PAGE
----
What are the qualities that define a sales best practice, and what can trainers and sales managers do to develop their own? Steve Gielda, a franchise partner with Tiburon, Calif.-based Advantage Performance Group, answers these and other questions in a new research report entitled “World-Class Sales Force Best Practices.”
According to Gielda’s report, those who attempt to identify the best practices of their sales force’s top performers often fail to achieve measurable results because they tend to look in the wrong place for best practices—focusing on their top performers’ personal characteristics (such as personality or attitude) instead of on those outward behaviors that are actually imitable by others. Yet another mistake organizations make when conducting best-practice analyses, Gielda says, is relying solely on surveys of either their sales forces or their sales leaders to determine best practices. “Surveys [that] ask someone what he does to succeed lead to one insuperable problem: People are frequently wrong and they sometimes lie.” Simply observe one of your top performers in the field, he says, and you’re likely to find that the individual’s statements about his behaviors don’t always align with the behaviors themselves. “And thus it is with surveys about sales best practices. How can you be sure that what someone says he does is actually what he does?”
So what’s a training department to do? If you’ve decided to go the best-practices route, here’s a sampling of Gielda’s advice for identifying the right best-practice behaviors to meet your needs:
Understand your company's goals
Before you identify a best practice or design training of any kind, determine the “critical strategic intent of your organization,” what it needs from its sales team to help it achieve its goals, and the “objective behaviors” sales reps must possess in order to accomplish them. “The fundamental design question is not one related to selecting whether this skill or that skill should be the focus for the program; that is, whether we emphasize strategy skills or call-execution skills,” Gielda says. “Instead, the foundation for any effective program is established by first identifying the fundamental business challenges that are preventing your sales team from driving revenue and market share. That’s what the program needs to be about. And then one addresses whatever skill sets are required to drive that objective. It is a simple matter of a ruthless focus on driving performance that makes a difference—not training for training’s sake.”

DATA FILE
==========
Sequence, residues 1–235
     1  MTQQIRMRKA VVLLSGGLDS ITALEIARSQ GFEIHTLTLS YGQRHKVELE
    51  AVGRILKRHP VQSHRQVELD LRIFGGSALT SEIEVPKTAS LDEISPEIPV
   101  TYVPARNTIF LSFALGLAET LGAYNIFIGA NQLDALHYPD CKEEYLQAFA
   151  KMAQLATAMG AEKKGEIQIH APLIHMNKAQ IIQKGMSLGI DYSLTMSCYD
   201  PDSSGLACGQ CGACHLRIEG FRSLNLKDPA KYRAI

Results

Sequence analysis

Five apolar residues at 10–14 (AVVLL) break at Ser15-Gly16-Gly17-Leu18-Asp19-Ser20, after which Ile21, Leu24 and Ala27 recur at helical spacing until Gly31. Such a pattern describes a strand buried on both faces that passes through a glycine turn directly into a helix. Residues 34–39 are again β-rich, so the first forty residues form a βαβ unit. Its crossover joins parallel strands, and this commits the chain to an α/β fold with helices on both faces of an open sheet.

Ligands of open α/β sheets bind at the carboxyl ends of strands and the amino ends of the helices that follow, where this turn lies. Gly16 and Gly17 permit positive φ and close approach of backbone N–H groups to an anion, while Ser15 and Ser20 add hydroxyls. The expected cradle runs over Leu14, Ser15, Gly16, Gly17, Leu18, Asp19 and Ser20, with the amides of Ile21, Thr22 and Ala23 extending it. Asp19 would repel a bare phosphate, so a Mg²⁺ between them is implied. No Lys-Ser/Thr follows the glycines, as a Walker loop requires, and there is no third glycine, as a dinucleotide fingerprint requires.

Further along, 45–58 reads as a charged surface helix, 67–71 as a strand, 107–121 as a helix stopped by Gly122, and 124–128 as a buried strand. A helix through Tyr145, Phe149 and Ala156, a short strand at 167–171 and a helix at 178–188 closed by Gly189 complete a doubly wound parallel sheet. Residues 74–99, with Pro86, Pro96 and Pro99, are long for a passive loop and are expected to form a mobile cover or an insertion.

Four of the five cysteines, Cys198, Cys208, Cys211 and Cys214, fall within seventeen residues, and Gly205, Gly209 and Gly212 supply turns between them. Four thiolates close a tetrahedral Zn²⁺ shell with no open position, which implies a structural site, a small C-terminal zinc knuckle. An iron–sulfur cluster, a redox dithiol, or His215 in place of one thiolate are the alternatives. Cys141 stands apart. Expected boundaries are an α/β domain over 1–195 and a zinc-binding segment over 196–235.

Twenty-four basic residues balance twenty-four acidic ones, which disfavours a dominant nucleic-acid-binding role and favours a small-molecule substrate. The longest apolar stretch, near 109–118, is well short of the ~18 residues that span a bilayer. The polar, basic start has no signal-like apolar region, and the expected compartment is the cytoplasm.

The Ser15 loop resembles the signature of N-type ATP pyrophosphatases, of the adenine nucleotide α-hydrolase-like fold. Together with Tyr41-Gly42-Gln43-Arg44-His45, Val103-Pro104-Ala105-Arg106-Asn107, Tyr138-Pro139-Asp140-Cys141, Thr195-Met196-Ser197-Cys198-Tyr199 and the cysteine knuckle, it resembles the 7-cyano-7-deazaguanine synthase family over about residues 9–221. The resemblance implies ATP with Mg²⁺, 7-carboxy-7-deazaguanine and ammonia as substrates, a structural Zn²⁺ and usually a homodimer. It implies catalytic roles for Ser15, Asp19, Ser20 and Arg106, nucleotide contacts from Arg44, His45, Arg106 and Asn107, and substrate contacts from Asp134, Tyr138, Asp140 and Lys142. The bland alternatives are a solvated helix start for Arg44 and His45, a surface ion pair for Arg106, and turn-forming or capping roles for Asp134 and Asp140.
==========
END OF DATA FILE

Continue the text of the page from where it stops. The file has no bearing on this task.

Determine what constitutes success
When identifying best-practice behaviors, keep in mind that they might not always come from the highest revenue producers on your sales team. “You have to look at what constitutes success—in terms of the goals of your organization and what it needs its sales team to do to in order to achieve them—when you look at top performance,” Gielda says. “Are you basing top performance, for example, on financial success? On the number of new client accounts opened in the past 12 months? On the ability to enter a new market successfully? On the ability to increase margins? Or on the ability to sell a new product to an existing client base?”
Survey your top performers
Find out what the best of the best—in terms of meeting your criteria for success—are doing in the field. “Talk to those folks and try to identify those behaviors that are…”
Steve Gielda is a partner with Advantage Performance Group ( www.advantageperformance.com.
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